There are many things I love about my job as a financial planner, but none more so than being able to sit across the table from clients and hear their stories. Some are young professionals just getting started in their careers, whereas others are empty nesters nearing retirement. Some are entrepreneurs looking to begin their next venture, and others are celebrating anniversaries after being with their company for 20+ years. And while each of these groups may be wildly different from one another, there a few common threads that everyone agrees with: First, they understand the value of working with a professional on their personal finances (or they wouldn’t be meeting with me!). And second, they love the idea of lowering their tax bills. A mentor of mine once quipped that “talking about politics is an easy way to ruin a dinner party but commiserating about taxes is a sure-fire way to bring everyone back together.”
Fortunately, in 2003, the United States Government created a program that met this need and has proven to be one of the most tax-efficient savings options available in the marketplace – the Health Savings Account.
What is an HSA?
A Health Savings Account (HSA) is a tax-sheltered savings account available to those enrolled in high-deductible health plans (HDHP’s). HSA’s are savings vehicles that allow individuals and families to contribute pre-tax dollars to an account, invest their contributions, and when necessary, use those funds to defray higher deductibles and out-of-pocket costs associated with a HDHP. Most importantly, if money does have to be used to cover medical expenses, it can be withdrawn tax-free.
What’s also important to consider is that with an HSA, unlike health flexible spending accounts (FSA’s), investors are not subject to the “use it or lose it” rule. Once contributed to an account, funds can remain invested for as long as you’d like to cover future qualified medical expenses. The 2021 contribution limits to HSA’s are $3,600 for individuals and $7,200 for families, and if you are 55 or older, you may be able to make an additional “catch-up” contribution of up to $1,000 per year.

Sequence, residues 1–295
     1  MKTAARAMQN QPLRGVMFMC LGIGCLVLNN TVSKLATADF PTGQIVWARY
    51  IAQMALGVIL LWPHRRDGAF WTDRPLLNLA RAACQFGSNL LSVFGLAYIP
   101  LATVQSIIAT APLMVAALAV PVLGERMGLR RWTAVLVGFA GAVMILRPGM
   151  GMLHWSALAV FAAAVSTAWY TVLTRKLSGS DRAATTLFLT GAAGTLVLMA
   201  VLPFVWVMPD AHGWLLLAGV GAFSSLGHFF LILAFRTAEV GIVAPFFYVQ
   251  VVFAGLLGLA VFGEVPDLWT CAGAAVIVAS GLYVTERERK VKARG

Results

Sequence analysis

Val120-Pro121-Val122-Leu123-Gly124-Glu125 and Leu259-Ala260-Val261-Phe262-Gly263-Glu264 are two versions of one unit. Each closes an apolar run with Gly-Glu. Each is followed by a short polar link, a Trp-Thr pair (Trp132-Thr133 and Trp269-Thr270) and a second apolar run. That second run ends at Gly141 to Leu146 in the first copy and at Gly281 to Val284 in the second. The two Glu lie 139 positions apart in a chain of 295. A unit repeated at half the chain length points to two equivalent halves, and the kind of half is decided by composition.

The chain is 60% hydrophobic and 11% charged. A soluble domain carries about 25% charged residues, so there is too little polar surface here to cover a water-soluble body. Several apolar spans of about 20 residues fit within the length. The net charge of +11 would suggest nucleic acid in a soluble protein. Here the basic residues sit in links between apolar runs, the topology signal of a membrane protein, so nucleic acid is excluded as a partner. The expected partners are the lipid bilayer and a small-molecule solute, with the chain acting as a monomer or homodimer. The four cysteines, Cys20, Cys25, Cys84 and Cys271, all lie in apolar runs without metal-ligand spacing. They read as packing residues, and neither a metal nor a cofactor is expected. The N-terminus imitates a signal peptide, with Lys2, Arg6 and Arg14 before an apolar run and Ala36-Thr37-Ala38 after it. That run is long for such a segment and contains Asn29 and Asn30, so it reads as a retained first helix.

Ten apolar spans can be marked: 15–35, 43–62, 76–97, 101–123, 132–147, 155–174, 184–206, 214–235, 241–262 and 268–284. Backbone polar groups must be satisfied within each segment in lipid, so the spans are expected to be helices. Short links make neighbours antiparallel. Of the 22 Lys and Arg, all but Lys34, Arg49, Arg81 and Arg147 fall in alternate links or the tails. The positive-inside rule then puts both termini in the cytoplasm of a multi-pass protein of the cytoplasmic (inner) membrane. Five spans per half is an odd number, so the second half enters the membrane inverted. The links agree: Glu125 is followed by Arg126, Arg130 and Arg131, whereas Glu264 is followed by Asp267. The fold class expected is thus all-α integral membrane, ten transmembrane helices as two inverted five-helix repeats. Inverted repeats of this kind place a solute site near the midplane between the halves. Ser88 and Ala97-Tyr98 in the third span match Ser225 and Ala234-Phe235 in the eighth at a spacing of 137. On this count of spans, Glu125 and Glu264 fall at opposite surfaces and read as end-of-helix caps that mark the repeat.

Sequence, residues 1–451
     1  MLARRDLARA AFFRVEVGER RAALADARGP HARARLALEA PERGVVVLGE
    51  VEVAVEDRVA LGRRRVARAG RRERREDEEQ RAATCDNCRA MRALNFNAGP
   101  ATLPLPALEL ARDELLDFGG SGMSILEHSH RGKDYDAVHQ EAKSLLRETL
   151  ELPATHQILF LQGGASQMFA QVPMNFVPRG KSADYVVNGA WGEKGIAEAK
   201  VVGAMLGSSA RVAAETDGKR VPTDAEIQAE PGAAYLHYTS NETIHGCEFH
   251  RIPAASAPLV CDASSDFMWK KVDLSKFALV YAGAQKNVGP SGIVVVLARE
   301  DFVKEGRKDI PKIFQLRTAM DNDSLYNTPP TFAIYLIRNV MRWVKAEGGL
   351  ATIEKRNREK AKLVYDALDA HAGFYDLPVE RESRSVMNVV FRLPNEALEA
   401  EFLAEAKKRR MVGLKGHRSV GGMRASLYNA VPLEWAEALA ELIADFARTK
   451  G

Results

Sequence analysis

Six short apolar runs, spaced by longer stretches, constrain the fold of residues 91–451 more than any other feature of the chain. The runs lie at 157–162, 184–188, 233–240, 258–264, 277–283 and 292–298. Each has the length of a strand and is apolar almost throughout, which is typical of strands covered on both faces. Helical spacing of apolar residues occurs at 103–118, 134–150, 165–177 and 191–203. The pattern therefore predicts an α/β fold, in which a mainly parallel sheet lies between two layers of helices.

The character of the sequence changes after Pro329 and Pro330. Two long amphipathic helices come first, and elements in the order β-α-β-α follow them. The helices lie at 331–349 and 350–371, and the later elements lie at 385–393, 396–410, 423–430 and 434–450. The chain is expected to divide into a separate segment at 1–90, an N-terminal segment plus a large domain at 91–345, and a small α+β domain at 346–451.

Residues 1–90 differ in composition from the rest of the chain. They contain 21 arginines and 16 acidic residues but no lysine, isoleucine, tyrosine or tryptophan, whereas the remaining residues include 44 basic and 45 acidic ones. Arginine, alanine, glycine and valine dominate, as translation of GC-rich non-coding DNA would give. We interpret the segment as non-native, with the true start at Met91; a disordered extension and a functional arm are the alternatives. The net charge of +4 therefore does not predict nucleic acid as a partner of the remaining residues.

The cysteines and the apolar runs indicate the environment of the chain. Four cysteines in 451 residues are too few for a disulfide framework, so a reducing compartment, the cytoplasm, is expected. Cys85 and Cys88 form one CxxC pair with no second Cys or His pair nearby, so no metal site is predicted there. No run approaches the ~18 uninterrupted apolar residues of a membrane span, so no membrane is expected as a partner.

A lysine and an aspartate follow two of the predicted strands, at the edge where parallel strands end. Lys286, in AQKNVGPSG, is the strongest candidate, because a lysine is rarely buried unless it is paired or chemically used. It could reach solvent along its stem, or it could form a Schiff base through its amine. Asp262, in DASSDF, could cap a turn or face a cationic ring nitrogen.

What are the benefits?
It’s difficult to overstate how powerfully an HSA can change an individual’s potential wealth through the combined effects of tax-deductible contributions, compounded investment savings, and tax-free distributions, otherwise known as the “triple tax benefit.”
In an ordinary tax-advantaged account such as an IRA or 401(k) plan, individuals can pay taxes up front or defer them, but either way taxes will eventually come due. As I often joke with clients, “There’s no getting around it – the government is going to get their money. They question is, ‘Do you want to pay them now or later?'” With HSA accounts, you can bypass this conversation altogether and potentially never pay taxes on this money as both contributions, earnings, and withdrawals (if qualified) are made tax free. These tax benefits alone can lead to higher net-returns than those available from other traditional tax-advantaged accounts.
Another benefit to these accounts is that if there is money saved above and beyond what one might need for qualified medical expenses in retirement, such as long-term care or Medicare, you can also choose to treat your HSA like an ordinary retirement account. Before turning 65, non-qualified withdrawals may be subject to ordinary income taxes and a 20% penalty, but after 65 the penalty is waived. Distributions may still be subject to ordinary income, but in essence an HSA can act as a supplementary retirement account if needed.
How should you use them?
How to best use an HSA largely depends on how much individuals and families can save. If they have enough savings ability, it’s best for them to treat their HSA as a long-term investment vehicle and leave their funds inside their account. In other words, they should pay for current medical expenses out-of-pocket and leave their savings growing in a tax-advantaged manner. For example, I was once working with a client who wanted to take money out to cover the costs associated with a routine dental procedure. However, after explaining to him that the $500 he withdrew today might be worth $1,000 in 10 years or $2,000 when he retires, we determined the more cost-effective solution was to use the money in his bank account earning little to no interest.
So when is it the right time to use the money? If you are like most Americans, health care is expected to be one of your largest expenses in retirement. According to a study conducted by Fidelity Investments, an average retired couple age 65 in 2020 may need an estimated $295,000 saved to cover health care expenses in retirement. Common expenses to consider include bridging the insurance gap to Medicare (for early retirees), covering Medicare premiums, and paying for long-term care. Fortunately, the HSA allows individuals to begin planning for these types of expenses without it coming out of their more traditional forms of savings, such as retirement or taxable accounts, which is why it’s important to start early.
HSA’s offer a wide range of benefits for individuals and families. Whether it’s in the short-term helping individuals reduce their taxable income or in the long term by covering medical expenses down the road, there are a number of reasons to consider taking advantage of this savings vehicle.
If you or someone you know has questions about HSA’s or planning for healthcare costs in retirement, please don’t hesitate to reach out. I’d be more than happy to assist them!
Jim Davis, CFP® | Financial Planner | Mills Wealth Advisors, LLC | 817.416.7300 | firstname.lastname@example.org